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The Moment of Truth II: Working Towards a Dream

Reading Time: 6 minutes

Some of the early books I read on Mustang, Nepali Tibetan culture and history, and “development.” These are photo of copies I still own. The only one missing is Charlie Pye-Smith’s Travels in Nepal–the Sequestered Kingdom. The American college students I lent it to lost it (and another book) just a few months ago!

For most of my life, both in Nepal and abroad, I had been preparing for an eventuality.

On February 12, 2013, I turned down a job offer as detailed in the first blog post in the series, The Moment of Truth I: The Offer, for just that, namely, to return to Nepal. Of course, I had a number of reasons.

One of the most – if not THE most — compelling reasons was a long-standing dream. Ever since fifth grade, I had dreamt of doing two things. The first was of going to the United States of America for studies, at the time a near-impossible dream. The second was of “serving my country” (deshko sewa garney). (Nepali education during the time of the autocratic Shah Kings made most Nepalis really patriotic.)

In pursuit of those dreams, I had done a number of things even as a student in Nepal. I worked really hard to get passage to the US for tertiary education on scholarship. (I made it via the United World College of the Adriatic (UWCAD) in Italy. The years at the UWCAD turned out to be the icing on the cake, so to speak! It would be life-changing, the experience forming the basis for my globe-trotting career of international teaching.)

They were also followed up by some very important things I did studying, living, working and traveling around the world.

Maintaining Connection to Roots

Pretty early on in my stay in the US, I realized that if I did NOT make a consistent effort to maintain my ties to the country and people, returning home at some indefinite point in the future, would be that much harder.

The two years at the UWCAD, 1988-90, I had been able to return home every summer as the college paid for my flights. That was not the case at Grinnell College in US.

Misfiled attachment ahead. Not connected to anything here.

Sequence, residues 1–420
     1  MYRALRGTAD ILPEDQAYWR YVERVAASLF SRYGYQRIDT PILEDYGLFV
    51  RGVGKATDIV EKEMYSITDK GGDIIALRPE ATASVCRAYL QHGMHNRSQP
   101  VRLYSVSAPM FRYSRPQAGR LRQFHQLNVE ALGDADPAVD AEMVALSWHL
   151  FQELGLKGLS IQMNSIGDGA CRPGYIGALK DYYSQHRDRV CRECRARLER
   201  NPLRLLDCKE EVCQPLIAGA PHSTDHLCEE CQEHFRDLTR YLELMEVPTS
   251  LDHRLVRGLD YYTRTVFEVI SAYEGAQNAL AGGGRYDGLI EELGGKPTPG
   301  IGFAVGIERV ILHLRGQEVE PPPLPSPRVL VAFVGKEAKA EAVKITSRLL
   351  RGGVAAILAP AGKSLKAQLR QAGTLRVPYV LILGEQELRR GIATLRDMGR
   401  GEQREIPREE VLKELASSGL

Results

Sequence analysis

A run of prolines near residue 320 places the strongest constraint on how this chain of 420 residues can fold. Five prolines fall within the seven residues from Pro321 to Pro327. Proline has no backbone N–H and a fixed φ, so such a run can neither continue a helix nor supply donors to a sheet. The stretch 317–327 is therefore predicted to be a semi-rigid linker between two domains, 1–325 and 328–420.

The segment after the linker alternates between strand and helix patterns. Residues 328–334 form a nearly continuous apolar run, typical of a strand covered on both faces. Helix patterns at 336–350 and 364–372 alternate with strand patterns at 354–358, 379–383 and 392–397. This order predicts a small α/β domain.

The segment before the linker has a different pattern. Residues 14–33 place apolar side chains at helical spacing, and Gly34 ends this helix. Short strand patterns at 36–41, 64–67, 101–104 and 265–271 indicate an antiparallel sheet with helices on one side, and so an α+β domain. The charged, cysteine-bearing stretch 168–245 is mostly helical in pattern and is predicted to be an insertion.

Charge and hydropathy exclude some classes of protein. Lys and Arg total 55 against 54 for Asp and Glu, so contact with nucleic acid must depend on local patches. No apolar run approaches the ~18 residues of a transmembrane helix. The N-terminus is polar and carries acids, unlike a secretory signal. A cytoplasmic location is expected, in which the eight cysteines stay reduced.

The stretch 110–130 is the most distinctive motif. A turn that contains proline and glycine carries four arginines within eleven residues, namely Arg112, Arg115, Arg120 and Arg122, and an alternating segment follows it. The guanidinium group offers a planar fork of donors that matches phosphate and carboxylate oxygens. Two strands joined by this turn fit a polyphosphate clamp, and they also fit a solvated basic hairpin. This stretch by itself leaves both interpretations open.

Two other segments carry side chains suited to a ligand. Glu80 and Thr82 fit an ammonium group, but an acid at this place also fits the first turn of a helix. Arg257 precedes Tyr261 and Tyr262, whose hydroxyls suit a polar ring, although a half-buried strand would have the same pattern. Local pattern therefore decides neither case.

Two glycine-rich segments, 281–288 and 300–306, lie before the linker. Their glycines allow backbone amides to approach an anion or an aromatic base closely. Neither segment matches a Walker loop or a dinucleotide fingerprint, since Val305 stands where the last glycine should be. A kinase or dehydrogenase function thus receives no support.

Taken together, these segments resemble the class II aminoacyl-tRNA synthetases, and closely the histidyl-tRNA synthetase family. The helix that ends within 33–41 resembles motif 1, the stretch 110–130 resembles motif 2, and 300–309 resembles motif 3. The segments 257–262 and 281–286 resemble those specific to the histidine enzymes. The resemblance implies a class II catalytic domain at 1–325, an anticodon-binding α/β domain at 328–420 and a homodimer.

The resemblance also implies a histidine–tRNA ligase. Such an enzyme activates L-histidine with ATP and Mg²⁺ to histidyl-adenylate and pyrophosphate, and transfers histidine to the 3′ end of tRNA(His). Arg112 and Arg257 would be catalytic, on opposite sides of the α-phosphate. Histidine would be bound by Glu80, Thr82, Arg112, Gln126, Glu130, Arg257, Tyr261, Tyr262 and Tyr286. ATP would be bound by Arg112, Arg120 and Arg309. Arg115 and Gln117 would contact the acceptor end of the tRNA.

So, for my first trip back to Nepal since my 1990 Fall arrival, I applied — in the Spring of 1992 — for an Off-campus Study (OCS) program. The plan had been to spend the 1993 Spring semester at Lancaster University in the UK and the following Summer in Nepal.

I had discovered that, after paying my tuition fees to the University, Grinnell College would give me directly the balance of the financial aid I was receiving from the college. With some thriftiness, I was certain I would be able to save enough to pay for a return flight from London to Kathmandu the following summer.

The college approved my application for OCS! What’s more, I did save enough and visited Nepal the Summer of 1993, my first visit in three years. The visit would mark the first of many regular visits home. I went only one more time without a visit for three years: when I was working in Malawi.

One specific reason for those visits had been to learn about the country and the people.

When visiting the country I traveled. I would also go trekking and visit places I had never been to, such as my home district of Mustang and my village as well.

Another reason had been to keep abreast of the cultural, social, political, and economic changes taking place in the country.

My third year abroad, in 1990, a revolution had toppled the authoritarian monarchy and replaced it with a democratic form of governance. More major upheavals followed. There was the civil war, the second revolution, massacre of most members of the royals family, abolishment of the monarchy and declaration of the country as a federal republic etc. The country went through dramatic changes in many areas. Not all changes were necessarily for the better though.

I made regular visits to the country to also maintain my ties and relationships with the people in the country.

Being born into the context and background I had been, I had a very limited network though. They included my school friends, my Tangbetani community members, and my family.

Yet another reason had been to keep alive the memories of my humble beginnings.

To that end, on every visit, I made an effort to visit the schools I attended in Pokhara to remind myself of where and how my incredible journey of education, and everything else that followed from it, had begun.

Opportunities turn the lives of ordinary people extraordinary!

Bal Jyoti Primary School

Bal Jyoti Primary School in 1998. The third government school I attended. This is how the school looked when I was a student myself in the seventies. In other words, it hadn’t changed in over 20 years!

I have always believed and maintained that I am just an ordinary person. When I would say that, it used to annoy a girlfriend of mine. She would respond saying, “Don’t say that; you are NOT ordinary! You are extraordinary!” I would add that I was lucky and had extraordinary opportunities, leading to my extraordinary life, a life I had never imagined growing up in Nepal; I am not extraordinary.

My old schools — Vindhya Basini School and Bal Jyoti School — help me remember that. They help me reinforce that, which is something I have always felt I needed and therefore actively sought out. After all, it was a teacher at Bal Jyoti School who, recognizing my potential, urged my dad to put me at a private school, changing my destiny completely!